- 9-9-9 is an oppo guy's dream: There is a real power in the catchy simplicity of Cain's tax plan, which would set personal and business tax rates at nine percent and create a national sales tax at the same rate. But now the press and his opponents are starting to look at it, and they're finding all sorts of problems. It's clearly regressive in nature (although whether that will hurt in a GOP race is an open question). The sales tax provision could alarm conservatives, who may not like the idea of giving the government a new revenue stream. (Rick Santorum briefly tried to make this point at Tuesday's debate -- just wait until other candidates and the media join him.) And a good case can be made that it would blow a hole in the deficit. Those are just the obvious lines of attack. If his opponents decide they want to scare Republicans away from the plan, who knows what specific aspects they'll play up? To fight them off, Cain will need to demonstrate agility that he hasn't yet shown; as Bernstein wrote, Cain's defense of the plan during the debate "was really just limited to repeating how great it was, over and over again."
- Who will stick up for him? Quick: name three prominent Republicans who have endorsed Cain. Stumped? Me too. This hasn't mattered much until now, but it will start to when the press and his fellow candidates turn the heat up. That's when Cain will need voices that Republican voters know and trust rallying to his defense and amplifying whatever talking points he comes up with to defend himself.
- You do know he's not running a real campaign, right? Let me just copy-and-paste from what I wrote yesterday: "Cain has barely spent any time in Iowa (where a PPP poll released yesterday also showed him in first place) and New Hampshire and has almost no day-to-day campaign presence in either state. There are no major Republican elected officials backing him (not yet, at least). He is not running television ads. He didn’t come to this race with any name recognition. His press secretary just left his campaign … to work for a candidate for lieutenant governor of Louisiana. All he’s really done is show up at the debates, hit all of the requisite GOP cattle calls, and done television interviews."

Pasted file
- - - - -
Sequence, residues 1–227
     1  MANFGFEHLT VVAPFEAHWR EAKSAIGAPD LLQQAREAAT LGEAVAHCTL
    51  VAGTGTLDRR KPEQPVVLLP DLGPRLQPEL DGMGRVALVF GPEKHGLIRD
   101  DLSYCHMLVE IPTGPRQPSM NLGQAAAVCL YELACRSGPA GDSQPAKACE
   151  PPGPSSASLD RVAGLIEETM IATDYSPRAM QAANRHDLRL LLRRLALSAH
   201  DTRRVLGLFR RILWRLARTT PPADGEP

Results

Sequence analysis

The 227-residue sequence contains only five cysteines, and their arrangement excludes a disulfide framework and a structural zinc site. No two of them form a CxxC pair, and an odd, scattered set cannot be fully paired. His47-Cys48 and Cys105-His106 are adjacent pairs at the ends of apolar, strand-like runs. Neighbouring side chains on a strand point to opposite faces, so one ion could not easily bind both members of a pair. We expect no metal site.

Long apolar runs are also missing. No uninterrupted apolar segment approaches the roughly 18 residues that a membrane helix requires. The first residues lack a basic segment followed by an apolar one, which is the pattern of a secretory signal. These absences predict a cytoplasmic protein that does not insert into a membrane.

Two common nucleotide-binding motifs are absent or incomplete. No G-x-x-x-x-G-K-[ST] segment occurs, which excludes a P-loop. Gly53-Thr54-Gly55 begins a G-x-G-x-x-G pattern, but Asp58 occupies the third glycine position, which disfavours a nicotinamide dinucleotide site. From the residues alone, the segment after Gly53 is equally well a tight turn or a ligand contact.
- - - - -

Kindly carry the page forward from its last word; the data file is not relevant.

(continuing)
So that's the case against Cain as a serious threat to win the nomination. If it's worth anything, I can think of one other time when a candidate whose prospects were as widely dismissed as Cain's led the pack this close to the first contest. It was on the Democratic side at the end of 1987, about two months before the Iowa caucuses, and it actually involved two different candidates.
At the start of that month, a national poll put Jesse Jackson in first place with 25 percent of the vote, followed by Michael Dukakis at 10 percent. Then, a few weeks later, Gary Hart reentered the race (he had dropped out during a sex scandal back in May) and took the lead himself. But both Hart and (especially) Jackson were generally not treated as serious contenders. Jackson's lead was seen as a product of his name recognition (he was at that point far better known than the rest of the candidates) and because his negative ratings were so high, it was assumed he was already at or close to his maximum level of support. Hart was taken a little more seriously, but he also had high negatives and (like Cain now) essentially no campaign organization.
In the end, Hart received zero percent in Iowa and four percent in New Hampshire, dropping out shortly thereafter. Jackson actually put a scare into the party establishment, winning a bunch of southern states and scoring a shocking victory in Michigan, but then it became a two-way contest between him and Dukakis, and it wasn't close.
Cain's situation is a little different, though, because he's not as well-known -- even within his party -- as Jackson and Hart were and he actually has extremely low negative ratings among those who do know him. In other words, we're pretty much in uncharted waters here. So while there are plenty of logical reasons to assume that Cain will flame out (soon, probably), we can't really say we've seen this story before. Because we haven't.